A Daughter's Journey

Yim said as a young girl in the U.S. the genocide was far away as she tried to adapt to American life. She didn’t internalize what it meant that her father was killed in a genocide until she started researching Cambodian history while writing her book. Until that point, the details of her father’s life during the genocide and death had been a mystery.

Her research led her to Cornell University’s archive of confessions from victims of the Khmer Rouge at Tuol Sleng prison. It was Pol Pot’s secret prison where people were interrogated, tortured and killed. According to some estimates, 14,000 people entered Tuol Sleng also known as S-21. Only a small handful survived. In Cornell’s archive was proof of what happened to Yim’s father during the genocide.

"One of the hardest days of my life was when I got an email from Cornell confirming that they had found my father’s name and confession," said Yim as she remembered years of speculation about what might have happened to her father. “It was finally wonderful to know the truth. The truth really sets you free,” even if it was painful, said Yim.

With the memory of her father and her mother and grandmother as inspiration, Yim said she needed to write The Immigrant Princess to not only face the past and not let the genocide be forgotten, but also to remember the beauty in Cambodian culture.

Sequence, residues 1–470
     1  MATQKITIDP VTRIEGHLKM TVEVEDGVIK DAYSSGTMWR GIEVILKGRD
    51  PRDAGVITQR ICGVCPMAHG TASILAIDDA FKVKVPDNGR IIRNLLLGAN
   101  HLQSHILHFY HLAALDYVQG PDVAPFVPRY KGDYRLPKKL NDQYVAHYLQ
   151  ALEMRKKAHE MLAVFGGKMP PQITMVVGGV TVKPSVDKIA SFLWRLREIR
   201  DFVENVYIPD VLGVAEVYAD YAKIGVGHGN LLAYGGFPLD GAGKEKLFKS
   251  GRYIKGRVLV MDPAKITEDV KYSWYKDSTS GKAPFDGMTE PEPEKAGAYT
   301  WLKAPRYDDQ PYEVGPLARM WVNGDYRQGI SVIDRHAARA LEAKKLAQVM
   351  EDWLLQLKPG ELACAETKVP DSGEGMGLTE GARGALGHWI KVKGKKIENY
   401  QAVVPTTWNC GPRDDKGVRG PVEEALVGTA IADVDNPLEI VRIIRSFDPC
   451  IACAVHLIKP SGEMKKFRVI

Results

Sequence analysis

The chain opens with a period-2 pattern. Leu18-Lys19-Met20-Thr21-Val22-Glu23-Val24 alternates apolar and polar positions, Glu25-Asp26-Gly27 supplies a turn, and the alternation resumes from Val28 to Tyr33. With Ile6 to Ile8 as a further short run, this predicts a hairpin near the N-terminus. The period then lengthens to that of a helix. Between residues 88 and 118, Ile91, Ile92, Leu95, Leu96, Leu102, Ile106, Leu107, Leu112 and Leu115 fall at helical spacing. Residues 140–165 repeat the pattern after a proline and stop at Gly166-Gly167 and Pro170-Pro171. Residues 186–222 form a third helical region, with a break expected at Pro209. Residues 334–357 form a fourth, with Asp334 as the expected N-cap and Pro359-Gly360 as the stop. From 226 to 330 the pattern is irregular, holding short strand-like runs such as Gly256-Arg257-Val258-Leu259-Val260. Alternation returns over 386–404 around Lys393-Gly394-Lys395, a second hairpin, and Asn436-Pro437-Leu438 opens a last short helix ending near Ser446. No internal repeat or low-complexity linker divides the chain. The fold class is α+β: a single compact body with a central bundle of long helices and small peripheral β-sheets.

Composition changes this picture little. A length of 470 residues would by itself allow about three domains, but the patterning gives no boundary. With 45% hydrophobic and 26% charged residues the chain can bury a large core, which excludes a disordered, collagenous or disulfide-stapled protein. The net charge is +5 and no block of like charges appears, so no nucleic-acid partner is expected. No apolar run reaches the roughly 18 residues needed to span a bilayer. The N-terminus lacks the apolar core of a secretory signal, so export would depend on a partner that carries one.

“My upbringing, there was so much joy and appreciation and love and gratitude and just the Cambodian culture rich in music and art and food and family, and I wanted to write a book that exemplified that,” Yim added the book also had to explore more serious themes.

“It is a story about self-identity issues and reinvention. And all those themes are universal because it’s really about the human spirit, and how does one survive traumatic loss. How do they rebuild, and how do you lean on the people closest to you to help you rebuild yourself and your role in the community.”

Yim says she wrote the book for her children so they will know what happened, to honor her loved ones who were killed, and for Cambodians to know that the genocide may have left a scar but it does not define them as a people.

“You can be brutal and you can bring terror and you can become a dictator but that’s not going to kill the human spirit and that’s what I want my book to show.”